Ghost Light in the Window
The Drish House Haunting
They say the widow’s ghost lingers in the tower and sets the house ablaze with phantom fire…
In Tuscaloosa, Alabama, stands the restored Drish House, a stately home that now holds a spot on the National Register of Historic Places. However, the Drish House has not always been a priority for preservation. In fact, the Drish House has changed hands many times since the tragic deaths of its original owners, and some think this has to do with tales of its haunting.
Built over the course of two years starting in 1837, the Drish House belonged to slave owner John Drish and his wife Sarah. The marriage was a second for both of them; their first spouses had both died, and Sarah’s husband had left her quite wealthy. Drish’s slaves were instrumental in the building of the new home, and much…
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Where did I get my idea for this story?
It’s usually me asking one of my favorite writers. Because, we all wonder, even favorite writers.
I think the truest answer is: Who knows?
Sure, we plumb newspapers, pore over magazine articles, and scroll the ultimate dreaded time suck: Facebook.
Oh look. A fireman was helping a poor helpless little kitten out of a stormdrain this morning. Oh, wait. What is this? He later told his buddy, in confidence, that when he was down there, when he was almost waist deep, upside down in that wet and smelly stormdrain, he SAW SOMETHING. He felt something wet graze his arm. And when he looked in that direction, it kinda looked like…you know, a tentacle, or something.
A tentacle or something?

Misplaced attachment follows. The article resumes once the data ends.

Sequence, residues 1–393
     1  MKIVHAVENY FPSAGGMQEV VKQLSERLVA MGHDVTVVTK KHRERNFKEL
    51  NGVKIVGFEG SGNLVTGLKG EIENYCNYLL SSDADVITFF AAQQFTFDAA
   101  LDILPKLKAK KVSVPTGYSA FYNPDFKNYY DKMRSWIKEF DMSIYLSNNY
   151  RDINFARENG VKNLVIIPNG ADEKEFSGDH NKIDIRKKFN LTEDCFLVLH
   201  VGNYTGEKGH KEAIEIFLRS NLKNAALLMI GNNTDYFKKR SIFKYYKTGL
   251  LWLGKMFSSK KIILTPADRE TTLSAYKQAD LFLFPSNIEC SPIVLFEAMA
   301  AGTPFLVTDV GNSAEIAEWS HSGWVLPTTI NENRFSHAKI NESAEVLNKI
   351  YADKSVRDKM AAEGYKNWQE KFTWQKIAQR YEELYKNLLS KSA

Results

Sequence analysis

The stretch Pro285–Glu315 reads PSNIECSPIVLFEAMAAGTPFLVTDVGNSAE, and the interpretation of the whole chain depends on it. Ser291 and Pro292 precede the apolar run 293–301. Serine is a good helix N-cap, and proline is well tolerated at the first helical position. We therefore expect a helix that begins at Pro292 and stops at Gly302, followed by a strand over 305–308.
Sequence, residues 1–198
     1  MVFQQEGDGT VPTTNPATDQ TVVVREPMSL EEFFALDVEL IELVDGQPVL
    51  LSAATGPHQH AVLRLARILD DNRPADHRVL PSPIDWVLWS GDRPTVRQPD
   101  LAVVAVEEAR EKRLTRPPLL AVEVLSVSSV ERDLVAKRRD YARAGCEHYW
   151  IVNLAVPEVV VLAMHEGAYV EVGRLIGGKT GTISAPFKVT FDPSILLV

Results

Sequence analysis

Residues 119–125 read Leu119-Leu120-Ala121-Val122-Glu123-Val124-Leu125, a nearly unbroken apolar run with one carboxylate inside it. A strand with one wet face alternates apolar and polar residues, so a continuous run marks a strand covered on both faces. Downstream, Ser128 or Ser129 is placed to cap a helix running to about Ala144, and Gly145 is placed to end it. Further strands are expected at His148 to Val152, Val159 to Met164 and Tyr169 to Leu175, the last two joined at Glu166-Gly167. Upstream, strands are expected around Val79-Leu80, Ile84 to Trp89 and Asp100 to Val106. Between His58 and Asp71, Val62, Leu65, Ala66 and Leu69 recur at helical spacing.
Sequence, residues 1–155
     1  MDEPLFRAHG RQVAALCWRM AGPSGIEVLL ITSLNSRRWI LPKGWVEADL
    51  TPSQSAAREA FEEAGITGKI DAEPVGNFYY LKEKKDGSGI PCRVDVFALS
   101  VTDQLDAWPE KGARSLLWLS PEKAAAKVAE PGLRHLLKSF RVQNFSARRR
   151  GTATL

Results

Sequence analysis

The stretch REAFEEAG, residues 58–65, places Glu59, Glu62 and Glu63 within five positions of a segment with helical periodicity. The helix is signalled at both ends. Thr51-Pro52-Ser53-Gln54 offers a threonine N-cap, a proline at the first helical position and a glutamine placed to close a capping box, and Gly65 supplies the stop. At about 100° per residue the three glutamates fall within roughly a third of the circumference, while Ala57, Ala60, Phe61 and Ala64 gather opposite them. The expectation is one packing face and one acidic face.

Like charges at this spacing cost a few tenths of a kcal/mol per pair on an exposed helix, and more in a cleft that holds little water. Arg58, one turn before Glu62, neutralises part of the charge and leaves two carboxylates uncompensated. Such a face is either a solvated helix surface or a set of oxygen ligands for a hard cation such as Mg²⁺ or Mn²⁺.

…so is that the “idea”?
It may be the start of one. I like to call it the germ or the…
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Clouds of war are gathering over a fogbound London. Twenty-eight year old Jack is poor, lonely and desperate to change his life.
So when he’s offered the chance to be the wireless operator on an Arctic expedition, he jumps at it. Spirits are high as the ship leaves Norway: five men and eight huskies, crossing the Barents Sea by the light of the midnight sun. At last they reach the remote, uninhabited bay where they will camp for the next year.
But the Arctic summer is brief. As night returns to claim the land, Jack feels a creeping unease. One by one, his companions are forced to leave. He faces a stark choice. Stay or go. Soon he will see the last of the sun, as the polar night engulfs the camp in months of darkness. Soon he will reach the point of no return – when…
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Art by Agnes-Cecile (@deviantart.com)
A. M. Burrage, 19xx
While the uniformed attendants of Marriner’s Waxworks were ushering the last stragglers through the great glass-panelled double doors, the manager sat in his office interviewing Raymond Hewson.
The manager was a youngish man, stout, blond and of medium height. He wore his clothes well and contrived to look extremely smart without appearing over-dressed. Raymond Hewson looked neither. His clothes, which had been good when new and which were still carefully brushed and pressed, were beginning to show signs of their owner’s losing battle with the world.
He was a small, spare, pale man, with lank, errant brown hair, and although he spoke plausibly and even forcibly he had the defensive and somewhat furtive air of a man who was used to rebuffs. He looked what he was, a man gifted somewhat above the ordinary, who was a failure through his…
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